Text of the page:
7. Plan your day – working from home or staying at home with the kids is going to be new territory for some. It will take a few days to get into the new routine and it will likely feel odd. Give yourself a break. Set up a plan for yourself, your work or your family, like the one below:

My daily plan:

  • Wake at usual time
  • Yoga (15 minutes)
  • Shower and dressed (not back into your PJs)
  • Healthy breakfast
  • Give the kids activities or set off school work
  • Work 9 – 12
  • Lunch with a walk around the block or play a game in the garden with the family
  • Give the kids activities or set off school work
  • Work 1 – 5
  • Meditation
  • Watch cartoons with the family
  • Dinner
  • Gym, walk, chores
  • Read a book, relax to some music
  • Bed
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Loneliness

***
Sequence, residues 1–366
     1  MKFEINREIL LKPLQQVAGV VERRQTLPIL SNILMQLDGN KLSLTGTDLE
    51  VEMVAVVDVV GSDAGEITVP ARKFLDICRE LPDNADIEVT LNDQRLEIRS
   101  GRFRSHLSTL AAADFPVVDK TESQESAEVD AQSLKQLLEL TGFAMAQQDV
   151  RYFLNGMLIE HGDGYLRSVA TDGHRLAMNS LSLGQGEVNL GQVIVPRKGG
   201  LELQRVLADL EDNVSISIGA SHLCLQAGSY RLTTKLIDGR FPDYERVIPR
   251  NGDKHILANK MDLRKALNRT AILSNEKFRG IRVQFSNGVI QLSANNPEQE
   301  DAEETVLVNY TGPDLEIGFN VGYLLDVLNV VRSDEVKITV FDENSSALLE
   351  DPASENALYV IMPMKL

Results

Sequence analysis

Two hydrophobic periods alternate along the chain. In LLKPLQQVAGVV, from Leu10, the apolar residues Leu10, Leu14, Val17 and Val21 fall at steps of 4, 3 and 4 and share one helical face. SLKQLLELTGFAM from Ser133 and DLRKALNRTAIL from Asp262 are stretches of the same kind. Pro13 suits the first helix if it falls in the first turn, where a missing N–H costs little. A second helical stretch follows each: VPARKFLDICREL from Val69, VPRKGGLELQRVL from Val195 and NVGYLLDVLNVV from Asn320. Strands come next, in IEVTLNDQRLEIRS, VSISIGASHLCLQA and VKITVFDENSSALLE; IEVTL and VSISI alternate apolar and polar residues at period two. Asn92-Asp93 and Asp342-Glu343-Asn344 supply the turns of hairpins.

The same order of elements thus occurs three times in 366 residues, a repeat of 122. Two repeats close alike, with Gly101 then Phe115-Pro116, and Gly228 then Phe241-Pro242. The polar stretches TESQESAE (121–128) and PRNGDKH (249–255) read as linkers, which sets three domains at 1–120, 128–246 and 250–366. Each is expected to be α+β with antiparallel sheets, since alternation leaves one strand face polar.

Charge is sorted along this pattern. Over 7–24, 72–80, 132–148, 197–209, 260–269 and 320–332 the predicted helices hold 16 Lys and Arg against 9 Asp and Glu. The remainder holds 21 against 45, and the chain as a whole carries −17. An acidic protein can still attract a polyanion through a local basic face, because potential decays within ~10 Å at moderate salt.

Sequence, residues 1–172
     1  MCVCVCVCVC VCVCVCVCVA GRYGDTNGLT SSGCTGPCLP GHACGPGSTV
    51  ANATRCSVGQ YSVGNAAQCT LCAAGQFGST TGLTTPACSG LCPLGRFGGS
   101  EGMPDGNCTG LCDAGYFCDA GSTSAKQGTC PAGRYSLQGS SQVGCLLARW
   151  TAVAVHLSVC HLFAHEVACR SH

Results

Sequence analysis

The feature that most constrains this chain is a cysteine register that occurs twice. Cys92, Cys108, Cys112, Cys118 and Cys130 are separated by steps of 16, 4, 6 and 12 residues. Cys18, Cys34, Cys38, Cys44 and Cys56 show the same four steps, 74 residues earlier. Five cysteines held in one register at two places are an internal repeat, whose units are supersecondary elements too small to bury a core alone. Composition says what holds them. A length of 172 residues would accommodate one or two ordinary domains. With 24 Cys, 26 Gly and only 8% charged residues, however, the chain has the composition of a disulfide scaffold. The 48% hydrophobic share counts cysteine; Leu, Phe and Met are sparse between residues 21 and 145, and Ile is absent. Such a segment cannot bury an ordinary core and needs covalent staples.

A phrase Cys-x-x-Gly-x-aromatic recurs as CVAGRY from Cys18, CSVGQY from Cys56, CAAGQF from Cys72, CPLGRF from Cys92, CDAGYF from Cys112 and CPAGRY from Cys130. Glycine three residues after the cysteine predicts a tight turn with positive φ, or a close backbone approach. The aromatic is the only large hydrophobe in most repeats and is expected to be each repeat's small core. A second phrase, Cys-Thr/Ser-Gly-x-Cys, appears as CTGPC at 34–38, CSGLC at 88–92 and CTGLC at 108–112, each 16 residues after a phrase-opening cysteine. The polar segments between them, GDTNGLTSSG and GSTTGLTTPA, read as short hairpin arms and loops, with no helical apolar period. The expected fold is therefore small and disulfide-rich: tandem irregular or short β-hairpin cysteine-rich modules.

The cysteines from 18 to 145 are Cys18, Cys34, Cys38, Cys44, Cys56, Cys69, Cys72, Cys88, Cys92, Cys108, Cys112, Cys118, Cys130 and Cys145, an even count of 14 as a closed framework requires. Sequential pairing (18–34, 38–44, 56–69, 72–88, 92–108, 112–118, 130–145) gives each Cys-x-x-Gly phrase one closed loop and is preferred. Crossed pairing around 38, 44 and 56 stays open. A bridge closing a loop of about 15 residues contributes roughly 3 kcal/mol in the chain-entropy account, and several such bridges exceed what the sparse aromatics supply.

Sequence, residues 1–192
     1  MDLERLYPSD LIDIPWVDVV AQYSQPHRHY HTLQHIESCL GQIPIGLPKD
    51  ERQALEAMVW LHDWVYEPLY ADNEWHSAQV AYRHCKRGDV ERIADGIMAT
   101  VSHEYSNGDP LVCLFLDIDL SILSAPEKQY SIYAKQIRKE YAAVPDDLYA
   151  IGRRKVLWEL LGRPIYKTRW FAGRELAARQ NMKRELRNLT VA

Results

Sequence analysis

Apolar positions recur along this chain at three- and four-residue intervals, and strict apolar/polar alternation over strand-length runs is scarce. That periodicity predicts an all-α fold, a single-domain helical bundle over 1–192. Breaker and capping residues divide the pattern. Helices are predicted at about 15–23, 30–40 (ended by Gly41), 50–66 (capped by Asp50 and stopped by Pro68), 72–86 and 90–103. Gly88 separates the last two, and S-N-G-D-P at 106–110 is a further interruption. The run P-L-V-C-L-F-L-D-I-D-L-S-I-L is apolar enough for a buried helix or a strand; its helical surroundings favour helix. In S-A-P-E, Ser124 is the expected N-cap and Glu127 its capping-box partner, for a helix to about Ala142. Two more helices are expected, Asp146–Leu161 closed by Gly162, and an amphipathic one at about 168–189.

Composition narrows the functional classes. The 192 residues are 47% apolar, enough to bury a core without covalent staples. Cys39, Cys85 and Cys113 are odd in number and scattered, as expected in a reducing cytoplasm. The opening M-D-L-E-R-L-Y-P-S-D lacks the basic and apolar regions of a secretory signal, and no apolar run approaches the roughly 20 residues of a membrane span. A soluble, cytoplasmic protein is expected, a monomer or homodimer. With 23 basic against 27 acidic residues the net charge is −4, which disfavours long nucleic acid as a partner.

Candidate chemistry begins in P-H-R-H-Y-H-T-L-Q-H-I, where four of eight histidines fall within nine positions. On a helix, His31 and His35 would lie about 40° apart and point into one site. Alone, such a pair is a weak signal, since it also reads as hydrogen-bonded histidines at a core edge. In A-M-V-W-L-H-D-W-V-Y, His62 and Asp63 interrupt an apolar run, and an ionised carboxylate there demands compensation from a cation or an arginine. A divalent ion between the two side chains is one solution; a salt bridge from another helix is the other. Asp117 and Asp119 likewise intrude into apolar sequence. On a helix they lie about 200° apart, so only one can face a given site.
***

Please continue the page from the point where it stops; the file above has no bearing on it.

This guide provides information about what is meant by loneliness, highlights how people are affected and what effects being lonely can have. It then looks at the options people have to reduce their feelings of loneliness.

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Prenatal Mental Health

Although the majority of perinatal research focuses on mental health problems in the postnatal period, the beginnings of a shift to recognise the mental health problems women can experience in the prenatal period is emerging … Prenatal meaning before birth, and postnatal meaning after birth.

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Mental Health during pregnancy and the post-natal period

Mental health during pregnancy and the post-natal period is often treated as a taboo subject, especially by those who are suffering. Some people think that having a mental health problem is a reflection on their parenting ability. Others fear that reporting their concerns will lead to the removal of their new child by social services.

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Stress